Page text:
Charles Buck Theological Dictionary
A supernatural power which persons were formerly supposed to obtain the possession of, by entering into a compact with the Devil. Witchcraft was universally believed in Europe till the 16th century, and even maintained its ground with tolerable firmness till the middle of the 17th. The latest witchcraft phrensy was in New England in 1692, when the execution of witches became a calamity more dreadful than the sword or the pestilence. Some have denied the existence of witchcraft altogether. That such persons have been found among men seems, however, evident from the Scriptures, Deuteronomy 18:10 . Exodus 22:18 . Galatians 5:20 . Leviticus 19:13 . Leviticus 20:6 .
The inconsistency of holding such persons in estimation, or having recourse to fortune-tellers, diviners, charmers, and such like, appear in this,
1. It is imitating the heathens, and giving countenance to the foolish superstition and absurd practices of pagans.
2. Such characters are held in abhorrence by the Lord, and their very existence forbidden, Leviticus 20:6 . Exodus 20:18 .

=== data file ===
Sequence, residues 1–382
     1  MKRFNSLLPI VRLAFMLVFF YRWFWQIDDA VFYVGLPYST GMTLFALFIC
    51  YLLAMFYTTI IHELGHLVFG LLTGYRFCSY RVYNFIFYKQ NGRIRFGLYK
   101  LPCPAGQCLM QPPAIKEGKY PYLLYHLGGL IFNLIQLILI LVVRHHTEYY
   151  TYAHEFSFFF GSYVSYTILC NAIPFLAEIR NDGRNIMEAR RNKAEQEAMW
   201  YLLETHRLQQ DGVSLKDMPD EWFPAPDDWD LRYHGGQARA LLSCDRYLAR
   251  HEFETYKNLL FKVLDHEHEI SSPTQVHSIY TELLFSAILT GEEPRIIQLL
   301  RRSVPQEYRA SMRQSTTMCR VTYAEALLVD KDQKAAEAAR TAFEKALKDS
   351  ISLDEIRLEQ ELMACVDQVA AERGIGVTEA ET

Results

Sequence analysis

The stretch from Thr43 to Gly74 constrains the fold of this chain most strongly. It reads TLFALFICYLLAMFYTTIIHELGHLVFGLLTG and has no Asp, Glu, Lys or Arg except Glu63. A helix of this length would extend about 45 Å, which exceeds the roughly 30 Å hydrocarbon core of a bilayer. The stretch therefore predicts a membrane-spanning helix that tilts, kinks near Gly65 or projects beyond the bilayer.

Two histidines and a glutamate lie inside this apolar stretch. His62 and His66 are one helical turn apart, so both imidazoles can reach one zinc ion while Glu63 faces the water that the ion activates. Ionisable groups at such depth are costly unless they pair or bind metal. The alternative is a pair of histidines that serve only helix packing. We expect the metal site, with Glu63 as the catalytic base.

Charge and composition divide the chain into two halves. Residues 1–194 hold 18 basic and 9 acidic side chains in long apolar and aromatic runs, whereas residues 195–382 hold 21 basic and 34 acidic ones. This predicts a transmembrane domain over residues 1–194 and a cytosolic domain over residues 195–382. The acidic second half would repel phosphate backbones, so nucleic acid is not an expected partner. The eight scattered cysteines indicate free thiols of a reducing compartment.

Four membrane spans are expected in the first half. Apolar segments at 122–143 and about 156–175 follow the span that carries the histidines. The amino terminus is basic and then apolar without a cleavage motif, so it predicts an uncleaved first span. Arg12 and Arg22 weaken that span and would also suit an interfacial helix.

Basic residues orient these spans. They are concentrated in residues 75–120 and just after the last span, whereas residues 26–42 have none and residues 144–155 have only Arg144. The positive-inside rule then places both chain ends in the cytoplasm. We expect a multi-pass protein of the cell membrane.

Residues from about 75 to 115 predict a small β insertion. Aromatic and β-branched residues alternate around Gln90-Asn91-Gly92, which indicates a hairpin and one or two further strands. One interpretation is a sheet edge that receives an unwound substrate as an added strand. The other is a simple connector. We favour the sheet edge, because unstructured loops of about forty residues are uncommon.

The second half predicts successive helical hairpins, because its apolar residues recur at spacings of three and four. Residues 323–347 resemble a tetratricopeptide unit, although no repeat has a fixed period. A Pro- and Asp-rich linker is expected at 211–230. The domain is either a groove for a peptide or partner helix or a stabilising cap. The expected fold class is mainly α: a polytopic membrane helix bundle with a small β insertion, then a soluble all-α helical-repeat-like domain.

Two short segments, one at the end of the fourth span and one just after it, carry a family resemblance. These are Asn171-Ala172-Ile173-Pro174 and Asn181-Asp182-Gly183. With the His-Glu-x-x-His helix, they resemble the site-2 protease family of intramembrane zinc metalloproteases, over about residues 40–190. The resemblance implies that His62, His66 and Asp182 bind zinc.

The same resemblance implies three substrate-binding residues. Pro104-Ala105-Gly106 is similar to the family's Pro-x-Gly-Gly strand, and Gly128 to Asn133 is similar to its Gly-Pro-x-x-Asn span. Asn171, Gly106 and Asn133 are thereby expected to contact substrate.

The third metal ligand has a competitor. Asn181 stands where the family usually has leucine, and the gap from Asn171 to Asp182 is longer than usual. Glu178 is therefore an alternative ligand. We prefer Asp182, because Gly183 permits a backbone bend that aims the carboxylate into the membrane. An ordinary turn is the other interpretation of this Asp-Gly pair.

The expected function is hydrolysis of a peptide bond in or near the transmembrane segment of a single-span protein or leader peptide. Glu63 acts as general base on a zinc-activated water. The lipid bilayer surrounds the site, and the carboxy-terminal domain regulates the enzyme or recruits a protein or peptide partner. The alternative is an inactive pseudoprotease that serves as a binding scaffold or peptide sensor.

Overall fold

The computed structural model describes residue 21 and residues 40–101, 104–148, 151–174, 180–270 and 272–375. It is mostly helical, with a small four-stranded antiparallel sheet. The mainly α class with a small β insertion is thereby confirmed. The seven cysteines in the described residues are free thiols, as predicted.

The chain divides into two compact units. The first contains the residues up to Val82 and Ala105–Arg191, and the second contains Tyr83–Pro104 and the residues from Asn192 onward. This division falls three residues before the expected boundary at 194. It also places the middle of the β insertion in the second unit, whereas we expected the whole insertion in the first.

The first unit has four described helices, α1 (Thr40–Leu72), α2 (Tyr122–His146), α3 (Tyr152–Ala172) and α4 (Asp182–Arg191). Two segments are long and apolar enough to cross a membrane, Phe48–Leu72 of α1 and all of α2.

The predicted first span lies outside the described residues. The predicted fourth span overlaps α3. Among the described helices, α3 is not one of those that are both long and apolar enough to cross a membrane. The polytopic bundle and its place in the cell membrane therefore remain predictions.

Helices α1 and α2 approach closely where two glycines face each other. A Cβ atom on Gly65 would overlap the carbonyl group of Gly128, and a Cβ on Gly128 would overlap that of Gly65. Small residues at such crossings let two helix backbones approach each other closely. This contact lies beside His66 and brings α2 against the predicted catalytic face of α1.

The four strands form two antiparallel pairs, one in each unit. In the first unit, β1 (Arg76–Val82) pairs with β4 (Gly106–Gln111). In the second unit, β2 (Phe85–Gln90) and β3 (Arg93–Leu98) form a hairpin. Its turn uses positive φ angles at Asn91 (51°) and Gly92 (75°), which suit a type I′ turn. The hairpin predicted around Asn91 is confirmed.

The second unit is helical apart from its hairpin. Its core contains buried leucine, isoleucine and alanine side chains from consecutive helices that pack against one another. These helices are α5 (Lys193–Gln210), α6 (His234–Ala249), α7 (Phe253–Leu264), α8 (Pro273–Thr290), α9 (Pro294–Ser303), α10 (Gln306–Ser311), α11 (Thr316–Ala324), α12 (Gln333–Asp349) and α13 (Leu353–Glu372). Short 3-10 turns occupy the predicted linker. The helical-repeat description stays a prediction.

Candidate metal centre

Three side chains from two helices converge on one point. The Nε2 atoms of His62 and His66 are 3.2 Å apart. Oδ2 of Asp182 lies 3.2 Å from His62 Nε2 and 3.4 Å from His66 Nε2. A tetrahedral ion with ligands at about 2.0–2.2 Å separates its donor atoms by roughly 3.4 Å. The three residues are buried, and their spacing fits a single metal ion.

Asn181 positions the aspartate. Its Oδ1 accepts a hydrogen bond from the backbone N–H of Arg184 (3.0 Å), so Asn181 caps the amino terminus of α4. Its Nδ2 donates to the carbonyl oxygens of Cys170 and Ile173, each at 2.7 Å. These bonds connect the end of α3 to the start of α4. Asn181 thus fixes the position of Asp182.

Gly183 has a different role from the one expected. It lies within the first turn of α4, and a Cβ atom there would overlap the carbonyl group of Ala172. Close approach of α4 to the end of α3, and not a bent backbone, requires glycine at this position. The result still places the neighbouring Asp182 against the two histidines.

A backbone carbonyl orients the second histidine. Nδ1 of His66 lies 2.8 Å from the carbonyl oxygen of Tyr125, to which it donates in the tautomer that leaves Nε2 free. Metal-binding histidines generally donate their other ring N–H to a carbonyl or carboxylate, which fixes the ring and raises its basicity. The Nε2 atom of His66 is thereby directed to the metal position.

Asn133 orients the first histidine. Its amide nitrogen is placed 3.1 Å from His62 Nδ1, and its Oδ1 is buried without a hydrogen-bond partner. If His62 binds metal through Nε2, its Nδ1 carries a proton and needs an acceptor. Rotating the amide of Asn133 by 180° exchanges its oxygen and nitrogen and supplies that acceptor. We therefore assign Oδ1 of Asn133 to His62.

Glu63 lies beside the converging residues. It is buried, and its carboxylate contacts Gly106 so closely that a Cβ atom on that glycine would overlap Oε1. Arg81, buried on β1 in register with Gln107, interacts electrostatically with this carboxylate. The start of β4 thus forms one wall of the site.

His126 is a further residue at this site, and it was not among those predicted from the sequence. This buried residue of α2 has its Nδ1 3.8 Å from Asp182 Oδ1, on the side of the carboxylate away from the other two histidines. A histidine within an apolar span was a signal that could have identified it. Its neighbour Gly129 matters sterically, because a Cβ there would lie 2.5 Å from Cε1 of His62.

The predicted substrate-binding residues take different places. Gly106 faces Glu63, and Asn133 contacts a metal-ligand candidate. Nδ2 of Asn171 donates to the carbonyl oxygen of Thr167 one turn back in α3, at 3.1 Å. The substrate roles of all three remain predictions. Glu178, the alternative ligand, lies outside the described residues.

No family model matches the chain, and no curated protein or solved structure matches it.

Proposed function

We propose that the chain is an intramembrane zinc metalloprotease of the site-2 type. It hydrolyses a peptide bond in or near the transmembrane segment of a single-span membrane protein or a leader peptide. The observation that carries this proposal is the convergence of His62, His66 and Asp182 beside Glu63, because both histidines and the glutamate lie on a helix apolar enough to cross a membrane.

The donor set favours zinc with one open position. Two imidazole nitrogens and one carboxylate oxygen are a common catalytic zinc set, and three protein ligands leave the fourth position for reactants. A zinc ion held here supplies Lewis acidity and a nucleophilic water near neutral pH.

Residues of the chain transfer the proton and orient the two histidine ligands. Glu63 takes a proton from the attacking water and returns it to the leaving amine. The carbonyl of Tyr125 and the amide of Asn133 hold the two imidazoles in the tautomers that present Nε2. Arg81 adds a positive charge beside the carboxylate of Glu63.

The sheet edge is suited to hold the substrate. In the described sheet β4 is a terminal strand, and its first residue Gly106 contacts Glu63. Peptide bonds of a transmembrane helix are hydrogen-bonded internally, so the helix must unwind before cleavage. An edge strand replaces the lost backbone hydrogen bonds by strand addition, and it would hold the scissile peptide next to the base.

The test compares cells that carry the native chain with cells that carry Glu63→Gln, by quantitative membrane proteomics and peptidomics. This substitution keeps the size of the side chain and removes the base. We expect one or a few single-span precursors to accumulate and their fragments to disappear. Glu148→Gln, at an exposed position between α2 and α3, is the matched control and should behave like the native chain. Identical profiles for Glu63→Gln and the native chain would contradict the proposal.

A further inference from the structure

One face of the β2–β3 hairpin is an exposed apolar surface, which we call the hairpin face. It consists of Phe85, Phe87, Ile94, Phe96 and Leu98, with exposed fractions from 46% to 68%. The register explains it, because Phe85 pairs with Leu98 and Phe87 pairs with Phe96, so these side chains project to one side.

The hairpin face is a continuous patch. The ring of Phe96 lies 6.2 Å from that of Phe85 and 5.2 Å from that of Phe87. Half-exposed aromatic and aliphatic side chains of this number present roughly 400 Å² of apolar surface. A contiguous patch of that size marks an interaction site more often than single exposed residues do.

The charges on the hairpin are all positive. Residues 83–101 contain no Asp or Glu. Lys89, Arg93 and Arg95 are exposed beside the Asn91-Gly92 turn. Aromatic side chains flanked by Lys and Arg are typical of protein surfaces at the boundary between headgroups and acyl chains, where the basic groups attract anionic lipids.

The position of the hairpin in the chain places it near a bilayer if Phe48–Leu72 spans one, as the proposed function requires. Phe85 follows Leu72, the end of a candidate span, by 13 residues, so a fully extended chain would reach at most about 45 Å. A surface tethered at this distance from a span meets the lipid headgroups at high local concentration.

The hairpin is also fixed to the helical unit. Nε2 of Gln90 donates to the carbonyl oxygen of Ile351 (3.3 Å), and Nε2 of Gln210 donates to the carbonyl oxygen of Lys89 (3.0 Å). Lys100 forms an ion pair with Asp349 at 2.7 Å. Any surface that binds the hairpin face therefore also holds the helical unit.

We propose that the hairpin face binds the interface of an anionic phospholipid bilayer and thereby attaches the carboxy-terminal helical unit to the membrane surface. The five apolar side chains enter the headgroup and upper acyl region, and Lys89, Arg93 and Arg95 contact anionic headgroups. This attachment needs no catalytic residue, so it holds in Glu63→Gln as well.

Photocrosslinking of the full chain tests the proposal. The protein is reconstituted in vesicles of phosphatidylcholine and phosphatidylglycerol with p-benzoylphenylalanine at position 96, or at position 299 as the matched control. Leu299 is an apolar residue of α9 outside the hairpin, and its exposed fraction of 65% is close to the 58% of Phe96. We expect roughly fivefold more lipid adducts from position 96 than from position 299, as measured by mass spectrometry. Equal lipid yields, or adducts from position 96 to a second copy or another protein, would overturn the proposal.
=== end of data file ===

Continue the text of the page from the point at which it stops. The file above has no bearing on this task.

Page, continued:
3. He threatens to punish those who consult them, Leviticus 20:6 .
4. It is wrong to have any thing to do with them, as it is setting an awful example to others.
5. It is often productive of the greatest evils, deception, discord, disappointment, and incredible mischief.
See Hawkin's Two Sermons on Witchcraft; Enc. Brit.; Moore's Theological Works, p. 240, 251; Hutchinson on Witchchraft.
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Buck, Charles. Entry for 'Witchcraft'. Charles Buck Theological Dictionary. https://www.studylight.org/dictionaries/eng/cbd/w/witchcraft.html. 1802.